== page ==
COPS and cameras

Why doesn’t the camera crew constitute a violation of the rights of the people?

Even if the faces are blurred out, when the cops come in a house and there is garbage strewn everywhere, that’s an embarrassing thing. And isn’t privacy the whole point of the constitution? How come a TV camera can film the cops busting down someone’s door? Even if there is a warrant, that warrant says that Law Enforcement can enter, not guys with cameras working for Fox News. Has any case ever said, hey, the cameras violated your rights, so your officially let off.

If not, why not?


I’m pretty sure that the clips shown on COPS are only those for which the subjects have agreed to allow. I don’t know if they just say “Sure, you can use my clip!” or if the COPS producers actually pay them…

In 1999, the Supreme Court held that it is a violation of the Fourth Amendment for police to bring third parties (to include the media) into a home during the execution of a warrant, unless the third party’s presence is to aid in the execution of the warrant, as in a software expert to search computer storage.

However, the remedy for violation of this does not seem to be exclusion of the evidence. In fact, the case I allude to above was a civil damages case, not a criminal appeal.

If the police are lawfully present, the violation of the Fourth Amendment is the presence of the media and not the presence of the police in the home. In an “unlawful media presence” case, then, the exclusionary rule might be held to apply to evidence that media representatives helped recover, but not to evidence that the police lawfully recovered without media help.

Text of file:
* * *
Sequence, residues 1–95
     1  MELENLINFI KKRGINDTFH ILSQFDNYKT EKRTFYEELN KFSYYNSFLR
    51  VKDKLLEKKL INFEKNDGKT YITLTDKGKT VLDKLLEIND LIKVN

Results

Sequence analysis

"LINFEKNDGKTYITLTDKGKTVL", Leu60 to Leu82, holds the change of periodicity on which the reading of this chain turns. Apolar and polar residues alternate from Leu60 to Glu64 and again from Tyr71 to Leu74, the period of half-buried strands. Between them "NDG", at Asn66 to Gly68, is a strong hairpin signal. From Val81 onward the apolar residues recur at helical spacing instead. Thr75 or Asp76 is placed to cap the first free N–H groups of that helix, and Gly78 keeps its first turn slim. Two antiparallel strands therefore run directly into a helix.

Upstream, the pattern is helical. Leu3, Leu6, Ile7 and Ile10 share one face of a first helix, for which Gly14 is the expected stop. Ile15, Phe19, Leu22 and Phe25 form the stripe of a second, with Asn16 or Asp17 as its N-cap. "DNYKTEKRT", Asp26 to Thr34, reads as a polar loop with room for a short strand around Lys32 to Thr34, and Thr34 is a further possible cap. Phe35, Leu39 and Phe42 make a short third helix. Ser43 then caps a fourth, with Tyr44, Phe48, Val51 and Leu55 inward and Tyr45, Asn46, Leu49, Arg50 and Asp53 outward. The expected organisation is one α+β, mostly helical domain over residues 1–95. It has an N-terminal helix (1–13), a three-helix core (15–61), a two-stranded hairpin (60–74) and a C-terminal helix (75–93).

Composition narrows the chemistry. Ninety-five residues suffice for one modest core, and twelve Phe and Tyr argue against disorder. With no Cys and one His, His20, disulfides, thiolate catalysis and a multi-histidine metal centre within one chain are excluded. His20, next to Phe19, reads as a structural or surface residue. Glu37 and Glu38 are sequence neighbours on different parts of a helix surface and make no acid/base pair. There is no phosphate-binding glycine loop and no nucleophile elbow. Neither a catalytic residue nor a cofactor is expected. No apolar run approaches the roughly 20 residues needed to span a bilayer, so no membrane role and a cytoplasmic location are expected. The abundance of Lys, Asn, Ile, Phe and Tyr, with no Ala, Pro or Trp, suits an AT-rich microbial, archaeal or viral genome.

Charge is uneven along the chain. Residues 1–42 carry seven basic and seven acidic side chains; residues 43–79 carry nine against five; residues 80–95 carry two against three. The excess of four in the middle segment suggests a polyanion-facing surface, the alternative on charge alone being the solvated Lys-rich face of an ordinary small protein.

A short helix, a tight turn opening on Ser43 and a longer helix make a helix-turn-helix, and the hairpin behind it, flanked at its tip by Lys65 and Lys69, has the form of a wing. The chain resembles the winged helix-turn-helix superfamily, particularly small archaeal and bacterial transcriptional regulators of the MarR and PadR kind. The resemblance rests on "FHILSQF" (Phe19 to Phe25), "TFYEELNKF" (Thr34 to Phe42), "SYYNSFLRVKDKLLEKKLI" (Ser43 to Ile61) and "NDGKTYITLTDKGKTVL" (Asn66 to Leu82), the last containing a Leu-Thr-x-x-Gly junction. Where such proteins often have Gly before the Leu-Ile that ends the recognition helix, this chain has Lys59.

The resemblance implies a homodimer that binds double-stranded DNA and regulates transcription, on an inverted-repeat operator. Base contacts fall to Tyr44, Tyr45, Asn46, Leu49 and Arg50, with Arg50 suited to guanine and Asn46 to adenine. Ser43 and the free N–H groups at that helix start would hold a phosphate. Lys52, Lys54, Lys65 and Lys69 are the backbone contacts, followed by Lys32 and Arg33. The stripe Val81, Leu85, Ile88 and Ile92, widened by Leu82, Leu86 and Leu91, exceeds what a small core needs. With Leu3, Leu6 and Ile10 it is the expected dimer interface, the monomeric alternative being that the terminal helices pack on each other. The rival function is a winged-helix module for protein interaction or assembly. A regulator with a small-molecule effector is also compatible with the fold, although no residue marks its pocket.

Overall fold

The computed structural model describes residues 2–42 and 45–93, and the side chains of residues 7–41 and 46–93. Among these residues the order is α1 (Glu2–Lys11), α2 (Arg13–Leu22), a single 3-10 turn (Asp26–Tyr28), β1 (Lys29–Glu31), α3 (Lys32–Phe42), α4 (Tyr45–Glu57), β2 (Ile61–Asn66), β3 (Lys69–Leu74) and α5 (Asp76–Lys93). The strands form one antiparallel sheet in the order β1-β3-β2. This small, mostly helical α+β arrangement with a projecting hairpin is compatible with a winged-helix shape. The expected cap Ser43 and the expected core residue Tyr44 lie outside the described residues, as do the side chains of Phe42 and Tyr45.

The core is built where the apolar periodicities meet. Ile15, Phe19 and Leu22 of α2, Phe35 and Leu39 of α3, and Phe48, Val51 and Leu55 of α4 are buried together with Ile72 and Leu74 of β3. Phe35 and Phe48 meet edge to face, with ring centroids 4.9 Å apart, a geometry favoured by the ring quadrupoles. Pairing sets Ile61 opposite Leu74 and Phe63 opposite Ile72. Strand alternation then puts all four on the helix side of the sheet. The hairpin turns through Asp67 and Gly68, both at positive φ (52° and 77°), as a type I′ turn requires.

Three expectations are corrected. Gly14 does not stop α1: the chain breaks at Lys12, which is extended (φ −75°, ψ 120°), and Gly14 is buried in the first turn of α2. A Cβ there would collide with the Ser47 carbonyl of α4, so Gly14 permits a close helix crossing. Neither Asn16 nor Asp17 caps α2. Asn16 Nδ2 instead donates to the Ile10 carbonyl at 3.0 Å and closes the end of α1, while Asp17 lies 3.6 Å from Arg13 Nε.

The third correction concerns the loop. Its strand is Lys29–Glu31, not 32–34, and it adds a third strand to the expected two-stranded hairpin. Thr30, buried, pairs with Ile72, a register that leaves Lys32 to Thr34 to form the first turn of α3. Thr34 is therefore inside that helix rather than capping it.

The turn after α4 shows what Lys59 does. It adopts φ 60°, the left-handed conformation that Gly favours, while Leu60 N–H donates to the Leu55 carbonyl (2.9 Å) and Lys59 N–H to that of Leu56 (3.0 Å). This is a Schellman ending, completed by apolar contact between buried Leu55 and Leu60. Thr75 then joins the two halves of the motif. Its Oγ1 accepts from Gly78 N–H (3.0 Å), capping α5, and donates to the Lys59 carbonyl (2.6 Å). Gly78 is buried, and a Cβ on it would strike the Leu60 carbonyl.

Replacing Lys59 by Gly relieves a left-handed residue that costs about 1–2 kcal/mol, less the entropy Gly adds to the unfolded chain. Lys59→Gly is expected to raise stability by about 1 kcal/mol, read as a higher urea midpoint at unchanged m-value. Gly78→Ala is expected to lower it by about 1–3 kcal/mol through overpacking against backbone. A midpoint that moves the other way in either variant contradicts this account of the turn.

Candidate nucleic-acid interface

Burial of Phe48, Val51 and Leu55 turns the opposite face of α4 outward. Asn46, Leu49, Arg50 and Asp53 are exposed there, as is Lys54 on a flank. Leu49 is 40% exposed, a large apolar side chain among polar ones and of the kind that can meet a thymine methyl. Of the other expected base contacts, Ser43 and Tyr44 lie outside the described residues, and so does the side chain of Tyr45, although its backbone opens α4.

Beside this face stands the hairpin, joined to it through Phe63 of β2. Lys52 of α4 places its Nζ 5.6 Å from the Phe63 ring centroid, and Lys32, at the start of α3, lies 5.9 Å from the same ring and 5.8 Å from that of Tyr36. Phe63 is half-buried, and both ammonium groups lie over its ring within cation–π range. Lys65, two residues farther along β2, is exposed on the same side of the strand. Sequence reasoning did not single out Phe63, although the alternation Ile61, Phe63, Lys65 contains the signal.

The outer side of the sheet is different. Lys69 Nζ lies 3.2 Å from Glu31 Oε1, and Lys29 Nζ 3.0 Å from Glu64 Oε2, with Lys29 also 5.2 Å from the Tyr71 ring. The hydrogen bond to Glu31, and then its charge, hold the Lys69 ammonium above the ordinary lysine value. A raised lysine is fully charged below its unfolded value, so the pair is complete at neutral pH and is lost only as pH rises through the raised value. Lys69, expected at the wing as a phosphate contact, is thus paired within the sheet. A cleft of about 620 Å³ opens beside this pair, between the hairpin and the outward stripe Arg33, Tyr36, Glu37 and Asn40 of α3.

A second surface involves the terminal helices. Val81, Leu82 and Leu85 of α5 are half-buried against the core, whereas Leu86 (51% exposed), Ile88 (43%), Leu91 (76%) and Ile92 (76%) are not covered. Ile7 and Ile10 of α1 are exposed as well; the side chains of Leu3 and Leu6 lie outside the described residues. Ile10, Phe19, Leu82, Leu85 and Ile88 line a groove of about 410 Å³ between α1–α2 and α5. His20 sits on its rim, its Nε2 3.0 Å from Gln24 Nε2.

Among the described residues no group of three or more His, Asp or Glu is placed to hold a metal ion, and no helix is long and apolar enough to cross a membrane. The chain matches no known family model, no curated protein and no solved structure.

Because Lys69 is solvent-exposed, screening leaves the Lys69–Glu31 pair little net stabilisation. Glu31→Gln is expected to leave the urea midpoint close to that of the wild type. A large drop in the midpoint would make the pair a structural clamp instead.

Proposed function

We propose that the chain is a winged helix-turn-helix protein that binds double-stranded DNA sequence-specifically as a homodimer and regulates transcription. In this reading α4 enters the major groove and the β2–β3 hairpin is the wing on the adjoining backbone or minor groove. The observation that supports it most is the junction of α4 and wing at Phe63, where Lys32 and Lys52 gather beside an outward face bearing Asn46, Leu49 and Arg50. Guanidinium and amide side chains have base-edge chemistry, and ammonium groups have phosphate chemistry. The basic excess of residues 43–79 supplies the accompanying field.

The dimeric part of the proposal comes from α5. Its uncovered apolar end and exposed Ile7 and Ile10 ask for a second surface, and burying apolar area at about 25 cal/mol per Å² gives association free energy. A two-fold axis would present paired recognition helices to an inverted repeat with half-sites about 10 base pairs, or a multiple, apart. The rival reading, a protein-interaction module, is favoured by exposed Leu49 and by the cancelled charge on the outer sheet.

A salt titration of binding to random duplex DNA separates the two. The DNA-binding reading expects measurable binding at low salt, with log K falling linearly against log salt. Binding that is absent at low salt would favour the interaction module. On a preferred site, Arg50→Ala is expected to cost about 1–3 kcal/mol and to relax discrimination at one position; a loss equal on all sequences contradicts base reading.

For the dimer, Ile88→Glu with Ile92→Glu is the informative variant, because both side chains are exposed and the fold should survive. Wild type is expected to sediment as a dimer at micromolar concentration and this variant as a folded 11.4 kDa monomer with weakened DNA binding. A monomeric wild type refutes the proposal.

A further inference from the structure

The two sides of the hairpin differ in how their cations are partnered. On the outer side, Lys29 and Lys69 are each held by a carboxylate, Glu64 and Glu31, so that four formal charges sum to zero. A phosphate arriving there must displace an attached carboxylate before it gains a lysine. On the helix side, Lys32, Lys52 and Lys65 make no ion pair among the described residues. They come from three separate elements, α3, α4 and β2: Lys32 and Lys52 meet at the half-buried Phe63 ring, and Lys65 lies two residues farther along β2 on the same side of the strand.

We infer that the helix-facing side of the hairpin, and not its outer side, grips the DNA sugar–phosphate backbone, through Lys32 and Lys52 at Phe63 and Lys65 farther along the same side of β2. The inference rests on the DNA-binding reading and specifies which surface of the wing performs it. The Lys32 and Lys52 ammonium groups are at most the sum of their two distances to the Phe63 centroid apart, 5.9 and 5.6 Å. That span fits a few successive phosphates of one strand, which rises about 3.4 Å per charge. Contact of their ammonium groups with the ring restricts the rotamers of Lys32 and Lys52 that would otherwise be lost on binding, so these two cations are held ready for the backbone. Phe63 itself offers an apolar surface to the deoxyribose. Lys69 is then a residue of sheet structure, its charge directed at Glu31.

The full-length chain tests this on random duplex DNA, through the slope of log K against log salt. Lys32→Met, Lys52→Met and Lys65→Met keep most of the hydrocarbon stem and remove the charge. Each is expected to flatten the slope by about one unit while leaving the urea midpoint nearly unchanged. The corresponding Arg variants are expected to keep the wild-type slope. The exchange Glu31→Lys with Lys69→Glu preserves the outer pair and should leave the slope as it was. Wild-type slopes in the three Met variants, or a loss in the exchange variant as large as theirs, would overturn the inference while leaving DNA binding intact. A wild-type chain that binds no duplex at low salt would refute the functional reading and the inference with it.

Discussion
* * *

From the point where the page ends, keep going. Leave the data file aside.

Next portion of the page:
The mere showing of a messy home does not rise to the level of evidence exclusion, in other words.

  • Rick

I think the OP was asking about the invasion of privacy by the press and whether the subject can prevent the cameras from entering or prevent the broadcast of the footage, not whether the presence of the press can be used to suppress evidence in a criminal proceeding.

Unfortunately, I don’t know much about this. I would be inclined to think that fatdave is right and the television producers pay the subject to sign a release.


I took the above quote to suggest that the OP was questioning possible exclusion of evidence.

  • Rick

This article talks about the 1999 ruling and the effect it has on the media. Of particular interest is this quote:

In fact, if you watch COPS these days, you will notice that the camera usually stops at the front door. The police run inside and do whatever, and then the footage picks back up when the suspect is brought outside. At least, that’s been true the last five or six times I saw COPS. (I watch it pretty rarely, so this may not be a good sample.)

Not that it matters much after they broadcast the footage nationwide, but I always assumed there were actual cops manning the cameras.


The camera crew for COPS are not police officers.

The footage for “World’s Wildest Police Videos” and similar shows are drawn from squad car cameras and helicopter cameras, but the ride-along, chase-'em footage is not done by police officer.

  • Rick